In some cases, you may also sell a stock or other investment asset at a loss.

Known as a capital loss, this means you paid more for the asset than you sell it for. For example, you buy a stock for $50 and sell it for only $25.

Account types to earn portfolio income

You can’t start earning portfolio income without an actual portfolio. So, your next step to making income from investments is to start investing.

First, you’ll need to figure out what types of accounts make the most sense for you. A few common investment accounts you can use include:

Retirement accounts

Retirement accounts include employer-sponsored accounts like 401(k)s as well as non-employer accounts like Individual Retirement Accounts (IRAs).

Brokerage accounts

A regular brokerage account lets you buy and sell stocks, bonds, and other investments on an investing platform.


Savings accounts and products like certificates of deposit (CDs) often earn interest, which is usually considered portfolio income.

Once you pick and fund accounts, you can start adding to your portfolio.

How to choose investments for your portfolio

Knowing what securities or investments to put into your portfolio is often intimidating for new investors. There are several types of securities products you can purchase. The most common include:


Stocks or equities are ownership shares of a single company. When you purchase a stock, you are essentially buying a piece of a company.


Bonds are a type of loan that's made by many individual investors to corporations, the government, and other organizations.

When you purchase a bond, you are essentially loaning money to the borrower in exchange for regular interest payments in return up until the maturity (or end) date of the bond period.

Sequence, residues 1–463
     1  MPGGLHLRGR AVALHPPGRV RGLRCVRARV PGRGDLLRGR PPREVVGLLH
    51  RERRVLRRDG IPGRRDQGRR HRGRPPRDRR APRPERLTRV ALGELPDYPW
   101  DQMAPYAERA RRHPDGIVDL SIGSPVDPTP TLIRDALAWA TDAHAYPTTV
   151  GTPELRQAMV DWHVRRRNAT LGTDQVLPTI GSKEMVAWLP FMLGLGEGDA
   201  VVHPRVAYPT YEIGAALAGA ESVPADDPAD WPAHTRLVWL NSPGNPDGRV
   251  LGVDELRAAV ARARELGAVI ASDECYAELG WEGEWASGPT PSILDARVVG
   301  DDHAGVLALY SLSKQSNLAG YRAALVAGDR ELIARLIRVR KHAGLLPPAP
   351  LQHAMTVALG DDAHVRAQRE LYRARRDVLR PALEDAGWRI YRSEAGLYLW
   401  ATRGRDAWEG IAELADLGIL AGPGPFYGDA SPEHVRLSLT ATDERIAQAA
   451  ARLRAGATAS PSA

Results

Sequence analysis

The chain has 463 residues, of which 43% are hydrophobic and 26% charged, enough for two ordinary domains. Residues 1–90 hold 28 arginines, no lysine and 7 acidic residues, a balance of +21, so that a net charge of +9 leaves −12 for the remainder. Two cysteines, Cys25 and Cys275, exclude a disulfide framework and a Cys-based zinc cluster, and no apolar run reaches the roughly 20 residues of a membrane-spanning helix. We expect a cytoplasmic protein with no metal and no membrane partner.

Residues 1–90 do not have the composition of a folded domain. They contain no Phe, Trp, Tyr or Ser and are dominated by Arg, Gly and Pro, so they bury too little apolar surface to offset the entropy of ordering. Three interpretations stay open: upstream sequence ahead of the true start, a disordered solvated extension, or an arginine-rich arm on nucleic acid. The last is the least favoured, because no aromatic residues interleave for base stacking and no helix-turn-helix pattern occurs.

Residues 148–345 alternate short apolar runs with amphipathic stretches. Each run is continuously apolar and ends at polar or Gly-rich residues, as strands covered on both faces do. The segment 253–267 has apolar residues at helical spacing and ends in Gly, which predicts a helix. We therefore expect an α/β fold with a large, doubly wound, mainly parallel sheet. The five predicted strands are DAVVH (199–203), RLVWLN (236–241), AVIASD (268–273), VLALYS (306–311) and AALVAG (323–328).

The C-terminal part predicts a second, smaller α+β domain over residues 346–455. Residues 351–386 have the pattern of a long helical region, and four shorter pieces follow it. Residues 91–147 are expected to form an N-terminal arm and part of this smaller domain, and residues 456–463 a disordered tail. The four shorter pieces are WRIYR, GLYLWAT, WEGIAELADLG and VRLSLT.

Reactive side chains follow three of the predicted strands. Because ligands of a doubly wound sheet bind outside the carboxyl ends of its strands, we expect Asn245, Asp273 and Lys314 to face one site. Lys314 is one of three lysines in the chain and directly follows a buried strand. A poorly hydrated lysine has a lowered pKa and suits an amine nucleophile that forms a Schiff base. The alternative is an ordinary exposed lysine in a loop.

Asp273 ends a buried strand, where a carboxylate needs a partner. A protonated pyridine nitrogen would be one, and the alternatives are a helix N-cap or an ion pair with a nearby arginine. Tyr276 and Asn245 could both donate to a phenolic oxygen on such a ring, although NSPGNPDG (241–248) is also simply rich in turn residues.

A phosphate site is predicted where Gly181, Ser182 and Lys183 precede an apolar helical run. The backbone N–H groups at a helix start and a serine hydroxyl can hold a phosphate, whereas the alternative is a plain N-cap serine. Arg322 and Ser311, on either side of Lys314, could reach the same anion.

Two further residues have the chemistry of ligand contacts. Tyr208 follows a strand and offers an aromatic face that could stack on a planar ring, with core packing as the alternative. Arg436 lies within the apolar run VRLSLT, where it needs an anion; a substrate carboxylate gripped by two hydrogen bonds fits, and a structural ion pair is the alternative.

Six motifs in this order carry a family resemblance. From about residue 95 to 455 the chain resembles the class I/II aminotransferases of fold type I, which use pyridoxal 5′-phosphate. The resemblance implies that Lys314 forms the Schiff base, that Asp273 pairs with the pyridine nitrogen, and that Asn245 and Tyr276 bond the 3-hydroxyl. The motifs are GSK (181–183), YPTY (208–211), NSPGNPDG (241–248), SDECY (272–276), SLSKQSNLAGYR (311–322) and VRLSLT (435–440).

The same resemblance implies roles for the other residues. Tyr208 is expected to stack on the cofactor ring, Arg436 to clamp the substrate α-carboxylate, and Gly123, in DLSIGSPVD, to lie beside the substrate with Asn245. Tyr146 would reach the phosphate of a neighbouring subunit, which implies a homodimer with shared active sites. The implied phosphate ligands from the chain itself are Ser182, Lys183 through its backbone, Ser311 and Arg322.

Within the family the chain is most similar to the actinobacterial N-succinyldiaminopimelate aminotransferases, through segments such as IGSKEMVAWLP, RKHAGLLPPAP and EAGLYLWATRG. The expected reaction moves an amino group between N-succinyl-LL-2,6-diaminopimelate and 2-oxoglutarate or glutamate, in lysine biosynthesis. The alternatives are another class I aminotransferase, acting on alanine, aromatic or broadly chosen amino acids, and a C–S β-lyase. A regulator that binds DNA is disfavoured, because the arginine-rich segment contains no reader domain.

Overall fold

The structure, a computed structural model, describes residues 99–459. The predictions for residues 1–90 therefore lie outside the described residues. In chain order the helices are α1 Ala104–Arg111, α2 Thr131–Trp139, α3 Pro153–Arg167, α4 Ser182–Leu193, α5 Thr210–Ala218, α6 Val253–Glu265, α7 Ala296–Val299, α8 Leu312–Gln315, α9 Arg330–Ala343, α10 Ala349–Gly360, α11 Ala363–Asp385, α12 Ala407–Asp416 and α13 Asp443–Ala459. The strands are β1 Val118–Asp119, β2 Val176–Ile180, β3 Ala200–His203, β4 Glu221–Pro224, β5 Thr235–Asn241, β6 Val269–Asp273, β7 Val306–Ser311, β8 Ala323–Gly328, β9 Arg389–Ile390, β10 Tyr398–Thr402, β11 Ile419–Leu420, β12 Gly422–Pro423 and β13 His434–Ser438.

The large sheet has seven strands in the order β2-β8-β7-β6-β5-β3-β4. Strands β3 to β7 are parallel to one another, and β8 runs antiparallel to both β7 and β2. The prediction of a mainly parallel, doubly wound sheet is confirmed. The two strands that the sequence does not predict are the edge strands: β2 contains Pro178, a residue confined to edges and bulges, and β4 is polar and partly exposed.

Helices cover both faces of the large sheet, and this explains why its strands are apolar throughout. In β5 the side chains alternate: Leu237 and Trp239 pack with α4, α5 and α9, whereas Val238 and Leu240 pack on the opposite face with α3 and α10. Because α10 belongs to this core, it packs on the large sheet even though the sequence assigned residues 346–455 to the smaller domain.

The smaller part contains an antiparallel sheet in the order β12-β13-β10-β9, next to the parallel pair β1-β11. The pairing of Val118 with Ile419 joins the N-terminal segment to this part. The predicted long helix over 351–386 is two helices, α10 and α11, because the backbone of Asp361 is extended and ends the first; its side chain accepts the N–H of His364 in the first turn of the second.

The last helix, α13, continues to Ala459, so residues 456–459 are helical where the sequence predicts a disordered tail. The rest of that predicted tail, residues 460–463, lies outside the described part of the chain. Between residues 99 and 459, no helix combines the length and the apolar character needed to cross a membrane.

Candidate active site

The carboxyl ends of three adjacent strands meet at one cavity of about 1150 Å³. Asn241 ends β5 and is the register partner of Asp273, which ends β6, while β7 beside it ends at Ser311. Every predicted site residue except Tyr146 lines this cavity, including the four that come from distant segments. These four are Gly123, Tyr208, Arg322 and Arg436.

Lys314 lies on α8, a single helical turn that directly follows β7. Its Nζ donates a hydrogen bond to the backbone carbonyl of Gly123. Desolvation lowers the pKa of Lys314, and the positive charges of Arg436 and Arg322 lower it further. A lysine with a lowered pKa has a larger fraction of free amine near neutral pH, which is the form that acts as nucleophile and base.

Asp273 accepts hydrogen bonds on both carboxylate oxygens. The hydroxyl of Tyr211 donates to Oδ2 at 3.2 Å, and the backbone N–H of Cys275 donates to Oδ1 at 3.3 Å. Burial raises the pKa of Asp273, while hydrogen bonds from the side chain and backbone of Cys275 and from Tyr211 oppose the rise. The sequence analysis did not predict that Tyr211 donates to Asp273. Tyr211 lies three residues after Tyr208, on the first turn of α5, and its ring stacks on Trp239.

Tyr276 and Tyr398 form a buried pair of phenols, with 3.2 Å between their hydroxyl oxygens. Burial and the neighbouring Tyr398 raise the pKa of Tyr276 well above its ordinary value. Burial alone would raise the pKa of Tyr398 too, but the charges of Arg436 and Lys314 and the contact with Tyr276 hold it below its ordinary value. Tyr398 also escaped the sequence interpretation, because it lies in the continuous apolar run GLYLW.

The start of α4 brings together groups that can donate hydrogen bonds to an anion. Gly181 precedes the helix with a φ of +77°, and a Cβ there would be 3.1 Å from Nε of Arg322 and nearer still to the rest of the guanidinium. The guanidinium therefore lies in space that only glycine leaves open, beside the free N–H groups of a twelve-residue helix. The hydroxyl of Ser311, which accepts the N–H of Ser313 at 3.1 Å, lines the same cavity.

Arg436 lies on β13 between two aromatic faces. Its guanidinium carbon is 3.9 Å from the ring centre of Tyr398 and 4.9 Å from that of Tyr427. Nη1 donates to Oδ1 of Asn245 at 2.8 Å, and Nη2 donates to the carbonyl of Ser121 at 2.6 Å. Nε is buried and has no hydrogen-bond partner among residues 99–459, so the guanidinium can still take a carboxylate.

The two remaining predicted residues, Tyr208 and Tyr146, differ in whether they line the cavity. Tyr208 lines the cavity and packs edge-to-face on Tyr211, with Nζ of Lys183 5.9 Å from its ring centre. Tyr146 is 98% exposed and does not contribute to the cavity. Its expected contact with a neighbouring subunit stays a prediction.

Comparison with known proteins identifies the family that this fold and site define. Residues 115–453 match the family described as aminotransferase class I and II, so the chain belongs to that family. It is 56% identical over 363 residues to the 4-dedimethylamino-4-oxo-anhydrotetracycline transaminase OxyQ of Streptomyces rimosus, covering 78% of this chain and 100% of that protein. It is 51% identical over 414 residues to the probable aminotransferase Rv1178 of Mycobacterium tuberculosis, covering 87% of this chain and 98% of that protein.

Mutual funds

A mutual fund pools your money with funds from other investors to buy multiple stocks and other securities.

This lets investors invest in many different securities without needing to individually buy each stock.

Exchange-traded funds (ETFs)

An ETF is a lot like a mutual fund in that it lets you invest in many different securities in one asset.

However, ETFs work more like individual stocks in that you must buy in shares instead of a specified dollar amount.

How to use portfolio diversification

Most financial professionals encourage investors to invest in several different types of investments.

Portfolio diversification involves choosing different types of assets that can help you potentially earn more from your portfolio over time.

Diversify with stocks and mutual funds

Diversification is also an important part of lowering your risk of losing money. By spreading your investments into many categories and types of securities, you’re less likely to lose significant funds in a downturn.

For example, individual stocks are generally considered riskier than mutual funds. That’s because you’re putting your entire investment into one company over many.

However, stocks sometimes have higher rewards than mutual funds.

By investing in both stocks and mutual funds, you give yourself a chance to take advantage of the benefits of both types of investment. At the same time, you lower your exposure to the risks of each.

Understand what risk tolerance means for you